How to do the Recursive SELECT query in MySQL?

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I got a following table:

col1 | col2 | col3
-----+------+-------
1    | a    | 5
5    | d    | 3
3    | k    | 7
6    | o    | 2
2    | 0    | 8

If a user searches for "1", the program will look at the col1 that has "1" then it will get a value in col3 "5", then the program will continue to search for "5" in col1 and it will get "3" in col3, and so on. So it will print out:

1   | a   | 5
5   | d   | 3
3   | k   | 7

If a user search for "6", it will print out:

6   | o   | 2
2   | 0   | 8

How to build a SELECT query to do that?

Edit

Solution mentioned by @leftclickben is also effective. We can also use a stored procedure for the same.

CREATE PROCEDURE get_tree(IN id int)
 BEGIN
 DECLARE child_id int;
 DECLARE prev_id int;
 SET prev_id = id;
 SET child_id=0;
 SELECT col3 into child_id 
 FROM table1 WHERE col1=id ;
 create TEMPORARY  table IF NOT EXISTS temp_table as (select * from table1 where 1=0);
 truncate table temp_table;
 WHILE child_id <> 0 DO
   insert into temp_table select * from table1 WHERE col1=prev_id;
   SET prev_id = child_id;
   SET child_id=0;
   SELECT col3 into child_id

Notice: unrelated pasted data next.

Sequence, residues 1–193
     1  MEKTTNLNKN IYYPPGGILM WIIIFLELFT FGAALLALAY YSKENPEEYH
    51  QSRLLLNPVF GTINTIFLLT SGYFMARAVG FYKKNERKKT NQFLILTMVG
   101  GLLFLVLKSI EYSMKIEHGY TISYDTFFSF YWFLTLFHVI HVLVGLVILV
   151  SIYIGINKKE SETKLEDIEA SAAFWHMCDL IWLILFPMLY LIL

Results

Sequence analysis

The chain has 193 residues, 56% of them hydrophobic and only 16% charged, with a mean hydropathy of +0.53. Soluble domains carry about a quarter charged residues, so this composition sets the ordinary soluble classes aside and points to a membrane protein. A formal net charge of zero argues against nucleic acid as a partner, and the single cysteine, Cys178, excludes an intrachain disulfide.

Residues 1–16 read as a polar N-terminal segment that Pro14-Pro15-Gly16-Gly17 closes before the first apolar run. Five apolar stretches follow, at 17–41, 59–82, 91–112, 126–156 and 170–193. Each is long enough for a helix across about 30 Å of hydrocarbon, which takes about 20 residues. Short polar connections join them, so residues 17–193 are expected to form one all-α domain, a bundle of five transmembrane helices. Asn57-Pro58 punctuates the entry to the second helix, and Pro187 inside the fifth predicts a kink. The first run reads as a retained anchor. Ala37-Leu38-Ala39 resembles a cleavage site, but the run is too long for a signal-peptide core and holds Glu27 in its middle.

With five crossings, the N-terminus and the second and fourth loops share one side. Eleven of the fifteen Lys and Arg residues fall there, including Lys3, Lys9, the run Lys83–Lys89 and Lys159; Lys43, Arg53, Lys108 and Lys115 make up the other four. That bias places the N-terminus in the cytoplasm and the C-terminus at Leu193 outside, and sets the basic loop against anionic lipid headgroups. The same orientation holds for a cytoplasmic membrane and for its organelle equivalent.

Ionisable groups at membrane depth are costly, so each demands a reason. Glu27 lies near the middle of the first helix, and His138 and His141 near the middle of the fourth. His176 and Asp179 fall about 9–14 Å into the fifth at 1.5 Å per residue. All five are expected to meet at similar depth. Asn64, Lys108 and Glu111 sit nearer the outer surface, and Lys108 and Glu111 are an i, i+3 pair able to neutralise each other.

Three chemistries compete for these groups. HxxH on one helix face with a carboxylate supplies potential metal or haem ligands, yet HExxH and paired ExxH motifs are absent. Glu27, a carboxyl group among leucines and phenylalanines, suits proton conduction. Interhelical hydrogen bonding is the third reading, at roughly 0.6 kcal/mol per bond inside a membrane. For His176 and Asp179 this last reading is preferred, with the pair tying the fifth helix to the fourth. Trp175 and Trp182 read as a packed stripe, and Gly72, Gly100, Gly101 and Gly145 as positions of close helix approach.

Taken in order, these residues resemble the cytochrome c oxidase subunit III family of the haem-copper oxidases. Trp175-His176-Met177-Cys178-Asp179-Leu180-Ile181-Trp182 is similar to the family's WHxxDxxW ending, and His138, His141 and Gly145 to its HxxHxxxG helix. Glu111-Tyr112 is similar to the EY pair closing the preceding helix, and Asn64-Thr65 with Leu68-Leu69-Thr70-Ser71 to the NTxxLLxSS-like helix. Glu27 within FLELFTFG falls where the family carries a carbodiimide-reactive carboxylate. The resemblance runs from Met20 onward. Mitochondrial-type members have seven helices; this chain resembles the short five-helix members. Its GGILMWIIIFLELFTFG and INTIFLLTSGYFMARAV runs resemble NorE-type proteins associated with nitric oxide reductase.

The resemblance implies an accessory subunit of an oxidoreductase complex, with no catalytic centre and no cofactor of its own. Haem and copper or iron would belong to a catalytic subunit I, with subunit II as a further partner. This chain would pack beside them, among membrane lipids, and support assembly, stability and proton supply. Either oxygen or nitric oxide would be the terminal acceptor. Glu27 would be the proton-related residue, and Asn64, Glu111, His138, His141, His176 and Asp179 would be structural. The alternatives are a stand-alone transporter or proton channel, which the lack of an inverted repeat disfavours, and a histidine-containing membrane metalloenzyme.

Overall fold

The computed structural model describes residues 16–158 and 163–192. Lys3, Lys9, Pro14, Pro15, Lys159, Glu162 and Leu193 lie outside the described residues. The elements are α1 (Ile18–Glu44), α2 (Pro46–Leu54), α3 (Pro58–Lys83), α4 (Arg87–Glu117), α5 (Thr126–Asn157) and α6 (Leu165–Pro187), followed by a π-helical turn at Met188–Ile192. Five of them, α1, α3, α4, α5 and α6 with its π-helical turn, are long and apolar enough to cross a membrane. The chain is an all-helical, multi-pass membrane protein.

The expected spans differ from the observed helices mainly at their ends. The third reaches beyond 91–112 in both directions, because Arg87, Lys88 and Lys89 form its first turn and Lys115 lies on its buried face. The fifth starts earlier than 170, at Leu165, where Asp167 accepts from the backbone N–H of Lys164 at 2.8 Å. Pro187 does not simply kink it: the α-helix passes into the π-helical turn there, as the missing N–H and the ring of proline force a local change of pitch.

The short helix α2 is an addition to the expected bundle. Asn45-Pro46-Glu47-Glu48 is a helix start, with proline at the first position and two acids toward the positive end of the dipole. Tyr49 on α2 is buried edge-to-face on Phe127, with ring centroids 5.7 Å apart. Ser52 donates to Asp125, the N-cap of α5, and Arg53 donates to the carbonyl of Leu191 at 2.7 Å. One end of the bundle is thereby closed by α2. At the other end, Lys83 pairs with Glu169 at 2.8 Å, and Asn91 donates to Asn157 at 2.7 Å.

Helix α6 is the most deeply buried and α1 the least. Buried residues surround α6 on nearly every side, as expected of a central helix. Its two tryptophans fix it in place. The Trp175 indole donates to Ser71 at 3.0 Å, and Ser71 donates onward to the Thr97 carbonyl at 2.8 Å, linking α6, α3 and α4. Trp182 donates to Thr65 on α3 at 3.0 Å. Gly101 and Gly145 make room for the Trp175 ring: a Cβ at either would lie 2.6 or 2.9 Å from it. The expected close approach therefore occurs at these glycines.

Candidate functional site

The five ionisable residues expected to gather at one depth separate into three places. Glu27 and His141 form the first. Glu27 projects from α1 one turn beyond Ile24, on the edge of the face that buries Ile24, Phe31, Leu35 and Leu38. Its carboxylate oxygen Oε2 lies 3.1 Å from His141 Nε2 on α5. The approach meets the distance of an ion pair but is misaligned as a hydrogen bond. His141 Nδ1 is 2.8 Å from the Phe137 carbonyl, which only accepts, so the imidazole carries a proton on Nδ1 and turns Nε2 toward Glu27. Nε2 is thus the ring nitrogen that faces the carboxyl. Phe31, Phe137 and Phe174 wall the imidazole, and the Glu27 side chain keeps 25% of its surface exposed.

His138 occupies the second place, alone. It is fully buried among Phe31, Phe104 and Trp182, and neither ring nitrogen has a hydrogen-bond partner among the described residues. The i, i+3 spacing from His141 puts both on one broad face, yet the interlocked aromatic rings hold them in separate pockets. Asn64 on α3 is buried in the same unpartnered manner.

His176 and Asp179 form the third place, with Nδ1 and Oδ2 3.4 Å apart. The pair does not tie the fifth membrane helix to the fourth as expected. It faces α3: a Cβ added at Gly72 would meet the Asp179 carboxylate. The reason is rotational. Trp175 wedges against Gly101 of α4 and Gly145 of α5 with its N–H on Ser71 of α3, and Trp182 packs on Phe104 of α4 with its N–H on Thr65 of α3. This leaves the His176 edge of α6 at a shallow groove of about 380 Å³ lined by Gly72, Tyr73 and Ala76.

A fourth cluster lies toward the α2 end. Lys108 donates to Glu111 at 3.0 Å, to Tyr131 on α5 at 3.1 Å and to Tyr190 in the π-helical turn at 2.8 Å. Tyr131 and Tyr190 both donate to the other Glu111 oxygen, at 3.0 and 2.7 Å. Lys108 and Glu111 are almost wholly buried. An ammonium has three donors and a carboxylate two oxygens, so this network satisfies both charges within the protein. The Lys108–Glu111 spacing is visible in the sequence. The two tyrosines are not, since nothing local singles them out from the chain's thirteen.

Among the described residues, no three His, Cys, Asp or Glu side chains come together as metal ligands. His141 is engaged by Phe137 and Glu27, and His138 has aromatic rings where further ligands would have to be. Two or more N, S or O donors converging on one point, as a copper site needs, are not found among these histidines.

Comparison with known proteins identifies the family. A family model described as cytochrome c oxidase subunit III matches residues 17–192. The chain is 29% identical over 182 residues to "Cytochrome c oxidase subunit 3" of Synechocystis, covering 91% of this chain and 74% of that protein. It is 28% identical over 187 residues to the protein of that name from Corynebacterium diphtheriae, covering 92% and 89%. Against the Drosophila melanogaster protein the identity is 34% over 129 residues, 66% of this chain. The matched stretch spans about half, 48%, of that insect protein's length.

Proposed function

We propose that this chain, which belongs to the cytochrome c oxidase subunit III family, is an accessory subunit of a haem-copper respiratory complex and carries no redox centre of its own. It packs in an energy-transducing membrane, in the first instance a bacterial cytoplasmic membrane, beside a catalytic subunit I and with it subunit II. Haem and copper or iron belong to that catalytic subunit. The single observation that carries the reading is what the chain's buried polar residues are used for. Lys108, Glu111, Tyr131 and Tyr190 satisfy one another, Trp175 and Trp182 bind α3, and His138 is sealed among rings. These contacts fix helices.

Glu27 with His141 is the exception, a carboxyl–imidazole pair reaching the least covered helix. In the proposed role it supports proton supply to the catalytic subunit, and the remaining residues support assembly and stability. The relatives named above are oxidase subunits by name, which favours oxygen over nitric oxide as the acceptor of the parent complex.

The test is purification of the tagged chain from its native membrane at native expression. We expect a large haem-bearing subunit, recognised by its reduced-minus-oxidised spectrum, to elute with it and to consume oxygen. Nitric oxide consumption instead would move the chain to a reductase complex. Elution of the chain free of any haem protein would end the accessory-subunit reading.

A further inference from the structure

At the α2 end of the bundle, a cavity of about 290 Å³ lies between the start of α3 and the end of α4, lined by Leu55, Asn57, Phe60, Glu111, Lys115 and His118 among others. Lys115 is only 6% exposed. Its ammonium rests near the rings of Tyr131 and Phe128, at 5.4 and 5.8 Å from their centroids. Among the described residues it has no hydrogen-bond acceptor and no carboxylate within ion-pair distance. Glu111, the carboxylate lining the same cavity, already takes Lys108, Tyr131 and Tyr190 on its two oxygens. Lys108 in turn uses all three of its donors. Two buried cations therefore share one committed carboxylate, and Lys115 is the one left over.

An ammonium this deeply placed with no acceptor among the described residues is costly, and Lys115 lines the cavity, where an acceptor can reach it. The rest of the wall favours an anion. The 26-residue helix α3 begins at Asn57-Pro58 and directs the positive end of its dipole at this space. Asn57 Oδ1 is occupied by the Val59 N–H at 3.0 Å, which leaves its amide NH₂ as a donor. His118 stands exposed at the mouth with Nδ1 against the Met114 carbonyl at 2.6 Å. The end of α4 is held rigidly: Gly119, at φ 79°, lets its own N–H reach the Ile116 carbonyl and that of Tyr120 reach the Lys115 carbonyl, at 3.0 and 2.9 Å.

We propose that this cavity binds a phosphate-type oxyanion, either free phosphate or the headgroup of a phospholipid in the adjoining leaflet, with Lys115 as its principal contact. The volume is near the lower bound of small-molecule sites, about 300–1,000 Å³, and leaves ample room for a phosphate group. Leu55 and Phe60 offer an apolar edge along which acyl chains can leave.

FROM TABLE1 WHERE col1=prev_id;
 END WHILE;
 select * from temp_table;
 END //

We are using temp table to store results of the output and as the temp tables are session based we wont there will be not be any issue regarding output data being incorrect.

SQL FIDDLE Demo Try this query:

SELECT 
    col1, col2, @pv := col3 as 'col3' 
FROM 
    table1
JOIN 
    (SELECT @pv := 1) tmp
WHERE 
    col1 = @pv
SQL FIDDLE Demo:
| COL1 | COL2 | COL3 |
+------+------+------+
|    1 |    a |    5 |
|    5 |    d |    3 |
|    3 |    k |    7 |

Note parent_id value should be less than the child_id for this solution to work.

How to do recursive SELECT query in MySQL?, @sessionName:= 4)tmp - > where var1.id = @sessionName; Here is the output. MySQL has not implemented recursive CTEs, so one viable option is the one in the link you gave (using stored procedures/functions). Another is using mysql variables. However, the answer here is not elegant but the opposite, just horrible. It is not showing recursive SQL.

The accepted answer by @Meherzad only works if the data is in a particular order. It happens to work with the data from the OP question. In my case, I had to modify it to work with my data.

Note This only works when every record's "id" (col1 in the question) has a value GREATER THAN that record's "parent id" (col3 in the question). This is often the case, because normally the parent will need to be created first. However if your application allows changes to the hierarchy, where an item may be re-parented somewhere else, then you cannot rely on this.